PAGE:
I am so excited to tell you about the person for whom I am doing my third guest post. She is Trish who has a wonderful blog called Dish by Trish. I met Trish very recently, but I am amazed by the variety of recipes she has in Dish by Trish. I thank Trish to give me a chance to use her beautiful platform, Dish by Trish, to propagate the taste of “Cosmopolitan Currymania” even further.
Vegetarianism is highly appreciated and is a common practice in India: thanks to its rich, cultural and culinary history. The Brahmins (Hindus), the followers of Buddhism and Jainism had been practicing vegetarianism since ages and they played a huge role in deep-rooting the seeds of vegetarianism in Indian households. A plethora of scrumptious vegetarian dishes originated here (and is still evolving!) and every dish is unique in itself: most of the recipes being passed on from one generation to the other. Each dish has its own blend of spices and herbs: this being dependent on the Indian state from which the recipe actually originated.
In Indian cuisine, each ingredient is used in so many different ways! For example, tamarind is hugely celebrated in Indian cuisine. You would be surprised to see a huge variety of authentic Indian dishes (including curries) with tamarind as the major flavour-enhancer.
Even the non-vegetarians in India prefer eating a lot of vegetarian dishes in their daily meals. Most non-vegetarian Hindu households have one day in a week reserved strictly for vegetarian food throughout the day, although the reason behind this is primarily religious. On Hindu festivals, non-vegetarian food is an absolute no-no, barring a few.
More and more people are switching to vegetarianism all over the world and Indian cuisine is an example of the extent one can be creative with fruits, vegetables, grains and lentils, clubbed with various spices and herbs!
Indian cooking prefers the vegetables to be cooked till the point where they are at the borderline of crunchiness and softness. This is the state where the vegetables are soft, yet firm and chewy.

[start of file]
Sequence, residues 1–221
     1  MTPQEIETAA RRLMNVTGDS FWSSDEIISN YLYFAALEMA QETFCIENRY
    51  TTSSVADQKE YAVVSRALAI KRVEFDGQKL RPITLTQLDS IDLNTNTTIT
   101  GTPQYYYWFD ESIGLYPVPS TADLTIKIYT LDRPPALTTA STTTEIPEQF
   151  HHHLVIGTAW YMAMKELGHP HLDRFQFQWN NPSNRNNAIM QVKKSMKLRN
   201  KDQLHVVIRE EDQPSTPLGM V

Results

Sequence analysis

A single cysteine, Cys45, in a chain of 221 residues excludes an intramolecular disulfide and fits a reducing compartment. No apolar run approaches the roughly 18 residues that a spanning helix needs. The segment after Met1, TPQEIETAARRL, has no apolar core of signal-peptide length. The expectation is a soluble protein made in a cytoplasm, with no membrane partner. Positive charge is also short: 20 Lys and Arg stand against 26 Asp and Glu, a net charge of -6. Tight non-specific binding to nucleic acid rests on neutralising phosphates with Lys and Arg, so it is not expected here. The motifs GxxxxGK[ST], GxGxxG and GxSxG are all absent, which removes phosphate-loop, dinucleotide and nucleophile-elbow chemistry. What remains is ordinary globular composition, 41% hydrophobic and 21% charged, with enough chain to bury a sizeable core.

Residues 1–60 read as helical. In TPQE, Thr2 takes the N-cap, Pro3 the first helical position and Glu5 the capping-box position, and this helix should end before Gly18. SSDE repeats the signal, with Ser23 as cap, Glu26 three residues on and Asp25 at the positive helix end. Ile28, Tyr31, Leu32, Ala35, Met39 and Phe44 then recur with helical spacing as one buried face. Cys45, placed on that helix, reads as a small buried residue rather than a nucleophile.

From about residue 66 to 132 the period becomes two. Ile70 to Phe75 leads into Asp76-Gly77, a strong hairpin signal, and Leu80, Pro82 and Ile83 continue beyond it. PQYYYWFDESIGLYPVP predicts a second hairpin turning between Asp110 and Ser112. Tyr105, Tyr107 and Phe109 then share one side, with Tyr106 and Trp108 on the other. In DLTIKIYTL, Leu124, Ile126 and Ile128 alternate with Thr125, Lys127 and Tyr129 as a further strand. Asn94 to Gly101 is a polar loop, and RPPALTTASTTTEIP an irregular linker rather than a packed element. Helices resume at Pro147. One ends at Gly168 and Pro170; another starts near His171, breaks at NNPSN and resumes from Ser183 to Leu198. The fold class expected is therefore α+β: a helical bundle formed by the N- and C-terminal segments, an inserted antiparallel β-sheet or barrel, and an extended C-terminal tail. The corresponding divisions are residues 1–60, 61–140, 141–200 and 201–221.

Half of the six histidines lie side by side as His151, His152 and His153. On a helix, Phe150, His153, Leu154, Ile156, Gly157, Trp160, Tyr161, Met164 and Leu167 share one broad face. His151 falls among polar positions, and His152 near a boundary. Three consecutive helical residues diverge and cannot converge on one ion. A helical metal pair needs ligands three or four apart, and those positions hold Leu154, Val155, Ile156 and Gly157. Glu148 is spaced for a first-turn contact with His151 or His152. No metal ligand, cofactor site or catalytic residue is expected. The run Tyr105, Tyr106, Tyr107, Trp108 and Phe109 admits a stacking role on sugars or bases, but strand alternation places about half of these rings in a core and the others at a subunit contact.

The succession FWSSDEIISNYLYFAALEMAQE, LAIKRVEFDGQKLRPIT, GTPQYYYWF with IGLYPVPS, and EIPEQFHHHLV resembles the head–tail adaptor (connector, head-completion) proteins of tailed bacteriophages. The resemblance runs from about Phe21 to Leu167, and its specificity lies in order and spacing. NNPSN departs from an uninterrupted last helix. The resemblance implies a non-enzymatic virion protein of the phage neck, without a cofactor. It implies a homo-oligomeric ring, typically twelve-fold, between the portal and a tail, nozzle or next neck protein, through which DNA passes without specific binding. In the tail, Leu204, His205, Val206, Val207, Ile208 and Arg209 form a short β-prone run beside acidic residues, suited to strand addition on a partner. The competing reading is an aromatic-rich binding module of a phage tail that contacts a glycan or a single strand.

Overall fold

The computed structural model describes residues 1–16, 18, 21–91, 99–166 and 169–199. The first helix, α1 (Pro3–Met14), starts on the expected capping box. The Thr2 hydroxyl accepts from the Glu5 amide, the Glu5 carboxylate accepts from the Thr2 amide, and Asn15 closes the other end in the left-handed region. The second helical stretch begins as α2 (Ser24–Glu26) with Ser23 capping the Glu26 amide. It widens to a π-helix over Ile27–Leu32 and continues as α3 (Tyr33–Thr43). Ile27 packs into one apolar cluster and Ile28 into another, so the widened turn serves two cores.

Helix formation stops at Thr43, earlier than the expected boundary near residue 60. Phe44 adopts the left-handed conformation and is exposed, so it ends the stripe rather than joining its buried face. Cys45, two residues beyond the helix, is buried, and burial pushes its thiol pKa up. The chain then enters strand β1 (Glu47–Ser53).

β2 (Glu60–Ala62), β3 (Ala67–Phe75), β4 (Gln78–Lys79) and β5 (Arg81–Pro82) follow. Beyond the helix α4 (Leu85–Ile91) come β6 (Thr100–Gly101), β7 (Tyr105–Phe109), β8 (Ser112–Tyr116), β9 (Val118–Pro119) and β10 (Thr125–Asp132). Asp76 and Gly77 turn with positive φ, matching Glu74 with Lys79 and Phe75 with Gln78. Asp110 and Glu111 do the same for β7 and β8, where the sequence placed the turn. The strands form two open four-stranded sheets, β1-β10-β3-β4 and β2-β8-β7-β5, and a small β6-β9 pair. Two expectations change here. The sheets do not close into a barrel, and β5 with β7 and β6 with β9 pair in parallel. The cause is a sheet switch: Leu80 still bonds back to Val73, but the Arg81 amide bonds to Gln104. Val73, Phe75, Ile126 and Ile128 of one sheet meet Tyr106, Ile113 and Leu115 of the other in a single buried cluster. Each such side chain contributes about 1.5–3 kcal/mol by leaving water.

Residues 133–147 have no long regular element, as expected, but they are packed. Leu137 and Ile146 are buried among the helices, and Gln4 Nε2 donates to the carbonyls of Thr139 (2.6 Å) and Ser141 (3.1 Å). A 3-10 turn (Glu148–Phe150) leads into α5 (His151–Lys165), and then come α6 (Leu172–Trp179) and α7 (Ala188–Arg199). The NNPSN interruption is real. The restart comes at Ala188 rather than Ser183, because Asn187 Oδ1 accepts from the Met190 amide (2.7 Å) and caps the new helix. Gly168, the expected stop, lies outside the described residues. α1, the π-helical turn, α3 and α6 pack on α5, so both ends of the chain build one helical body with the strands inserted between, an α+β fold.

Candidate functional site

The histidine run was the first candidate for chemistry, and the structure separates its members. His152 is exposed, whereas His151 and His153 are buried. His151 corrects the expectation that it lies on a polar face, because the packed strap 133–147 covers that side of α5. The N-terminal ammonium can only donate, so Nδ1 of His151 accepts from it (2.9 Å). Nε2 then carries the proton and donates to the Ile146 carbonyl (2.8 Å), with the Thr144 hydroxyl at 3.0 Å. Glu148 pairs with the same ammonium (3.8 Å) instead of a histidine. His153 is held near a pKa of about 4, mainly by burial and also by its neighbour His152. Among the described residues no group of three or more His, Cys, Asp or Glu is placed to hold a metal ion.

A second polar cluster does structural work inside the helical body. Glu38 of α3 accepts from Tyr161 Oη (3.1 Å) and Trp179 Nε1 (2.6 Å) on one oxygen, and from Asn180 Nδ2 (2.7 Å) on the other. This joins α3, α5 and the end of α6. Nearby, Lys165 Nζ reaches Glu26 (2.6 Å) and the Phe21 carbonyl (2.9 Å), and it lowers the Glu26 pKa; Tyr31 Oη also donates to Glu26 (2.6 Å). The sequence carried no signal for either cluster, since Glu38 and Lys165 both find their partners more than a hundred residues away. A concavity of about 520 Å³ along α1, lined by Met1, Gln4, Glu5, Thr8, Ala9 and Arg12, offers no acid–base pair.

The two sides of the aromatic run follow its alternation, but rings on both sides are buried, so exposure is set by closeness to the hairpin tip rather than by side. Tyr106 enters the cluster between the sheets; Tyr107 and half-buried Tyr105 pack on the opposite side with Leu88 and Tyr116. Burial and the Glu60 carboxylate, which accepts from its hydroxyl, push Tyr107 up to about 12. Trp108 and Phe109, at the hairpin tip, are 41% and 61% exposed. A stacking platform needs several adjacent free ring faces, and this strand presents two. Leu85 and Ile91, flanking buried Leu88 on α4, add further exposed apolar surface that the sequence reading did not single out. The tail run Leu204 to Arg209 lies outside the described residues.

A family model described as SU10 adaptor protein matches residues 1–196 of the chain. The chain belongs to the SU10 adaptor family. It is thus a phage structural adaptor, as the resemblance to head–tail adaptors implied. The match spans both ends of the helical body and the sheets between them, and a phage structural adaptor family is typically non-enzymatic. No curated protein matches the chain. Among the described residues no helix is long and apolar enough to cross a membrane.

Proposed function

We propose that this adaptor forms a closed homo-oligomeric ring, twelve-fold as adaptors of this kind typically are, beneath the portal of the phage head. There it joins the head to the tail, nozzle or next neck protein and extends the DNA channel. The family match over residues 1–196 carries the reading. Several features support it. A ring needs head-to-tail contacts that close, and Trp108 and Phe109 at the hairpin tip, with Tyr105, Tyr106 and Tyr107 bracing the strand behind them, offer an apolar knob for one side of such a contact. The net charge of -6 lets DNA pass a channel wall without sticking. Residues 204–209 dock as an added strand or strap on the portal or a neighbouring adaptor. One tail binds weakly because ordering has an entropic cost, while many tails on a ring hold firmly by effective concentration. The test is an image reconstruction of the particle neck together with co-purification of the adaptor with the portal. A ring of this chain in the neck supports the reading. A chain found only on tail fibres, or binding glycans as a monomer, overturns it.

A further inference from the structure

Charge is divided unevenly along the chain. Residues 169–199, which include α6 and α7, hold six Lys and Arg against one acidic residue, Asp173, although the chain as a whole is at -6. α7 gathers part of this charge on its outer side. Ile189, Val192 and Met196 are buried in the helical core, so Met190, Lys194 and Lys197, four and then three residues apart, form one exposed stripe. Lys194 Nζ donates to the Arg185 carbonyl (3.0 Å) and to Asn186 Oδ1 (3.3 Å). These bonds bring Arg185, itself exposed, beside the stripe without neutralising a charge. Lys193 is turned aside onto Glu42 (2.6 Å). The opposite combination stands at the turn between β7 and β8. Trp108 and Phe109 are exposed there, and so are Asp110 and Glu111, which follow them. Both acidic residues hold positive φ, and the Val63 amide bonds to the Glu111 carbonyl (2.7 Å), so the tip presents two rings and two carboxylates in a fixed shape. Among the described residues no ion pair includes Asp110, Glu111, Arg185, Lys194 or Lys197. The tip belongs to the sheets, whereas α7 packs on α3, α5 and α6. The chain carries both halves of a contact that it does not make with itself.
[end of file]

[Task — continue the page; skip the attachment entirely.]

As I write this guest post, I keep in mind the tastes of the global foodies across the world. This dish is just right if you are getting acquainted to Indian vegetarian food and do not want to overpower your senses with a lot of spices. This mild stir-fry with a hint of tamarind and minimal spices works well with kids, too! Give it a try and you’ll fall in love with the dish.
Indian Mixed Vegetables with Tamarind
- Pumpkin (medium-sized pieces): 1 cup
- Potato (smaller than the pumpkin pieces): ½ cup
- Sugar snap peas or snow peas: 10
- Carrots (sized similar to the diced potatoes): ½ cup
- Radish (thinner than diced potatoes): ½ cup
- Shallots (whole): 10
- Bay leaves (small): 2
- Cumin seeds: ½ tsp
- Cumin powder: ½ tsp
- Dry, red Chilli (optional): 1
- Tamarind pulp: 2 tbsp
- Water: ¼ cup
- Salt: 1 tsp
- Jaggery (or brown muscovado sugar): ½ tsp
- Oil: 5 tbsp
Method of Preparation:
Dice the vegetables into medium-sized pieces.
Heat a wok and pour the oil. When it starts smoking, reduce the flame to medium and add the bay leaves; dry, red chilli and cumin seeds. When the cumin seeds just turn light brown, add the whole, de-skinned shallots and the salt and fry till golden brown.
Add the rest of the vegetables and cumin powder and stir-fry till these have slight golden-brown marks on them. Reduce the flame to minimum and cover and cook for 15 more minutes.
Open the lid and add the tamarind paste and jaggery dissolved in water. Mix the contents properly and continue to cook on high heat, sauté-ing continuously till the water is dry.
Serve with steamed rice.
How useful was this post?
Click on a star to rate it!
Average rating / 5. Vote count: